Tag Archives for " Recording Engineers Handbook "

7 Traits Of A Great Assistant Engineer

Great Assistant EngineerYou may never work in a studio that has an assistant engineer, and if you own your own gear, you may never be one yourself, but it’s good to find out what an assistant in a major facility like the Record Plant, Capitol, Oceanway or Avatar really needs to know. These 7 tips are excerpted from my Recording Engineer’s Handbook, and many come from the legendary Al Schmitt (who’s won more Grammy’s than any other engineer). They will help you understand what’s expected of an assistant and how to run a professional session, regardless of the level that your on.

1. Good assistants are well-versed in Pro Tools. There are a lot of great DAWs available, but as of the writing of this book, Pro Tools was the standard in every major recording and post studio in the US. Most assistants will also be in charge of running the DAW, and they are better at it than everyone else in the session.

2. Good personal hygiene is a must. No one likes to be in a room with someone who has body oder or bad breath, and artists and producers won’t put up with it. Take a bath, put on clean clothes every day and keep the breath mints handy if you want to keep your job.

3. Good assistants are transparent. When you need them, they’re there; when they’re not needed, they’re in the background. A good assistant is always seen but not heard. He never offers an opinion even when asked. He always has a great attitude and leaves his ego at the door.

4. Good assistants admit mistakes. If you make a mistake, admit it as soon as possible. You may have to take your lumps, but we’ll fix it and move on.

5. Good assistants don’t guess. If someone asks you something that you don’t know, be honest and don’t guess. There are plenty of ways to find something out in a hurry if you don’t know right now.

6. Good assistants keep a notebook. They keep track of all the details of the session, from the setup to the players to the mics used to which songs were recorded in what order, to everything else. It’s a great learning tool, but it may also come in handy later in the project, or the next one.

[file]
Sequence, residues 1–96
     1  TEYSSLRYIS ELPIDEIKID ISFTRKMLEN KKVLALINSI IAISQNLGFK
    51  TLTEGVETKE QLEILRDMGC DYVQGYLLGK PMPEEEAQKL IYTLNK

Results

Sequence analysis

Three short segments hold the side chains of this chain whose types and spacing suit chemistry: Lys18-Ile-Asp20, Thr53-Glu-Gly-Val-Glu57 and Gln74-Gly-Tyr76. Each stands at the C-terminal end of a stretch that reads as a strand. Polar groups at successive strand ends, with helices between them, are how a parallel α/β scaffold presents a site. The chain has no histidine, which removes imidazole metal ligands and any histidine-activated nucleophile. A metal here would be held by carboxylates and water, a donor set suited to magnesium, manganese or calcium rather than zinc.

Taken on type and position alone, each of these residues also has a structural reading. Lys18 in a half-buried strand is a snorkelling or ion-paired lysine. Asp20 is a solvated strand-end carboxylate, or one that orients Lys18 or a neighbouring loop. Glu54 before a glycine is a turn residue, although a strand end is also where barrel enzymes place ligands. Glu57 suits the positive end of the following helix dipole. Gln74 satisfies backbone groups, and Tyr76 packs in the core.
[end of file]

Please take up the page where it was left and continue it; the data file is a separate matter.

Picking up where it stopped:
7. Good assistants know how to make coffee. Coffee is still the fuel that powers a recording session. The better the coffee, the happier everyone will be.

If an assistant engineer exhibits the above traits, it’s likely that they won’t stay an assistant for long if they work hard and have the right attitude. Are there any traits that I missed?

You can read more from The Recording Engineer’s Handbook and my other books on the excerpt section of bobbyowsinski.com.

The “When All Else Fails” Recording Checklist

When All Else Fails Recording ChecklistIt happens to all of us. We’re trying to recording a sound source and for some reason it’s just not happening. What to do? It’s easy to just try a bunch of random things but sometimes that makes you more confused than ever. That’s when to try this following recording checklist when all else fails.

The “When all else fails” Recording Checklist comes from the 3rd edition my Recording Engineer’s Handbook, and it’s a sure way to set you on the right path the next time something just doesn’t sound right. Here we go:

Change the source, if possible (the instrument you’re miking)

Change the mic placement

Change the placement of the instrument or vocal in the room

Change the mic (don’t be afraid to try something that you think won’t work)

Change the mic preamplifier (again, the most expensive isn’t always the best choice)

Change the mount of compression and/or limiting (from none to a lot)

Change the room (the actual room you are recording in)

Change the player

Come back and try it another day

The last point is really important and often overlooked. Unless you’re on a tight deadline and just have to get something recorded (in which case you won’t be picky about the sound anyway), sometimes it’s just better to pack it in and come back and try it another day. You’d be surprised how much different things can sound on fresh ears and a fresh mind.

This also applies to playing as well. Many times a player just can’t seem to get a great take with the right feel even though he’s playing the right notes. Once again, coming back the next day with a fresh mind does wonders, and often times you’ll get it in the first or second take.

You can read more from The Recording Engineer’s Handbook and my other books on the excerpt section of bobbyowsinski.com.